Last week, when the United States temporarily halted use of the Johnson & Johnson vaccine, Idaho public health officials saw the number of people accepting vaccines to decrease.
Following months of mostly increasing numbers of COVID-19 vaccine doses being administered in Idaho, state numbers peaked at nearly 95,000 two weeks ago before dropping down below 70,000 last week. Rates haven’t been that low since the last week of February, according to the state’s tracking.
Although much of the drop was simply caused by canceled J&J appointments, officials worry that Idahoans are growing more wary of COVID-19 vaccines.
The decline “indicates it was mostly Johnson & Johnson vaccine and a little bit of a drop in the other vaccines as well,” state public health administrator Elke Shaw-Tulloch told reporters at a virtual news conference Tuesday. “We’ve also heard anecdotally that many scheduled appointments across the state had no shows in addition to canceled clinics.”
“We’re worried that people are becoming increasingly hesitant in a time when we need to see our vaccination rates increase,” she said.
About 30,000 doses of the Johnson & Johnson vaccine have been administered in Idaho.
Shaw-Tulloch said the rate of vaccine doses the state receives and administers is 73.1%, trailing the national rate of 80%. To help close that gap, Shaw-Tulloch said the state is creating a grant program to expand mobile vaccine sites and sites with walk-up appointments. She said the state is also working with insurers to potentially set up transportation aid and with Gov. Brad Little’s economic rebound task force to support business and employee vaccination efforts.
“We are concerned that we are already seeing a sharp drop off in vaccine uptake,” said Dr. Christine Hahn, Idaho’s top public health researcher. Some of the drop is because the J&J shot was paused, she said, “but some of this might be a general vaccine hesitancy because people just now not being sure about any of the vaccines.”
Hahn stressed that the two-dose vaccines by Pfizer and Moderna are still proving to be safe — nearly one year after people began receiving them in clinical trials; officials don’t suspect those shots to be linked to blood clots.
The Johnson & Johnson vaccine, which is paused in the U.S. after reports surfaced that eight of around 7 million people inoculated with the one-shot vaccine experienced brain blood clots. One person died. Federal regulators meet Friday to discuss more data about what to do next with the Johnson & Johnson vaccine.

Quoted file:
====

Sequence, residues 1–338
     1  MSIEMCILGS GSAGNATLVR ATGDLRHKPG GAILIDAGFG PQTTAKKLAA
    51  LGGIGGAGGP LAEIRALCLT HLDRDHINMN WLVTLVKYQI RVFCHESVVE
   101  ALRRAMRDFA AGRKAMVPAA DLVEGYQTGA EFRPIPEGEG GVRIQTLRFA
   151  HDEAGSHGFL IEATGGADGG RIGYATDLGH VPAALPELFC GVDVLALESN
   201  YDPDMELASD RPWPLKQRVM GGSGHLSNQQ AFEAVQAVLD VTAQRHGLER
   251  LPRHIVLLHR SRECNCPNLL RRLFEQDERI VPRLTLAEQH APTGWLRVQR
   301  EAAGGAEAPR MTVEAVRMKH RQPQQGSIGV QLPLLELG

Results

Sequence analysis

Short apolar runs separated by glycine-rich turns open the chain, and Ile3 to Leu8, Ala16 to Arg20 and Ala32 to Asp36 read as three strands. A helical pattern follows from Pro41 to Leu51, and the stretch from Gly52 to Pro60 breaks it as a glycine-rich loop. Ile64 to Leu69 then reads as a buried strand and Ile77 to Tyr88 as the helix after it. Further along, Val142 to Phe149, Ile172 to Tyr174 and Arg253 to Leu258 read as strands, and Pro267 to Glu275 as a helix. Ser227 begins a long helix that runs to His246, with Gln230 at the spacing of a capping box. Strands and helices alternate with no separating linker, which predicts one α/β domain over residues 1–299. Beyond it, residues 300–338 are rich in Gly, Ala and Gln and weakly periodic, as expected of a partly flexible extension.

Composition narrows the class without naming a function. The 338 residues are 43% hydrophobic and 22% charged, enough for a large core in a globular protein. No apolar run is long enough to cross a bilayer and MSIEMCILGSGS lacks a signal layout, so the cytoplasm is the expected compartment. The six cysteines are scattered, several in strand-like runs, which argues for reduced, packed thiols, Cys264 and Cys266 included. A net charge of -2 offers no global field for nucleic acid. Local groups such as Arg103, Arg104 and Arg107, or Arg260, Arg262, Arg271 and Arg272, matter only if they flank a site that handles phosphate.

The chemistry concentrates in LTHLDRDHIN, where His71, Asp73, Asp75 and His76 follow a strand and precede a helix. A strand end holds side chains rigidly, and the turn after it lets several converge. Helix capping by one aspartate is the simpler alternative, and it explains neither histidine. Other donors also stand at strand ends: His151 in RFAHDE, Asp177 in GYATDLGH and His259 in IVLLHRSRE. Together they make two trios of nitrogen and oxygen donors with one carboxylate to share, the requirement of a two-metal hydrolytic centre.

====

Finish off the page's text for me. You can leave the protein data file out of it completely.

The Associated Press reported that the European Medicines Agency on Tuesday said the reported clotting problems with the Johnson & Johnson vaccine should be considered “very rare side effects of the vaccine” and recommended a warning be added to the label. J&J immediately announced it will revise its label as requested and resume vaccine shipments to the EU, Norway and Iceland, the AP reported.
Dutch health minister Hugo de Jonge said the Netherlands would start immunizing with the J&J vaccine on Wednesday, the AP reported.
“We really don’t know the long-term effects of COVID yet, but what we do know from short-term and medium term is pretty dire,” Hahn said. “There are some very severe risks at the time of the illness that we hear so much about,” in addition to reports that many people with “long haul” symptoms continue to feel sick months after infection.
Idaho immunization head Sarah Leeds said vaccine providers are sometimes hesitant to take additional doses that are slated for them out of fear that they can’t meet Little’s directive to give out all shots within a week.
Idaho Department of Health and Welfare Director Dave Jeppesen said providers in the state have 3 1/2 weeks’ worth of vaccine inventory. He said the state appears to be “rapidly approaching” a time when there’s more COVID-19 vaccine doses than people who want to take them immediately.
The CDC announced on Monday that more than 50% of American adults had received at least one dose of the COVID-19 vaccine, according to ABC News. Just more than four in 10 Idahoans age 16 and up have received at least one dose. Nearly 72% of seniors in Idaho have gotten at least one shot, compared to 80% nationally, according to the Idaho Department of Health and Welfare.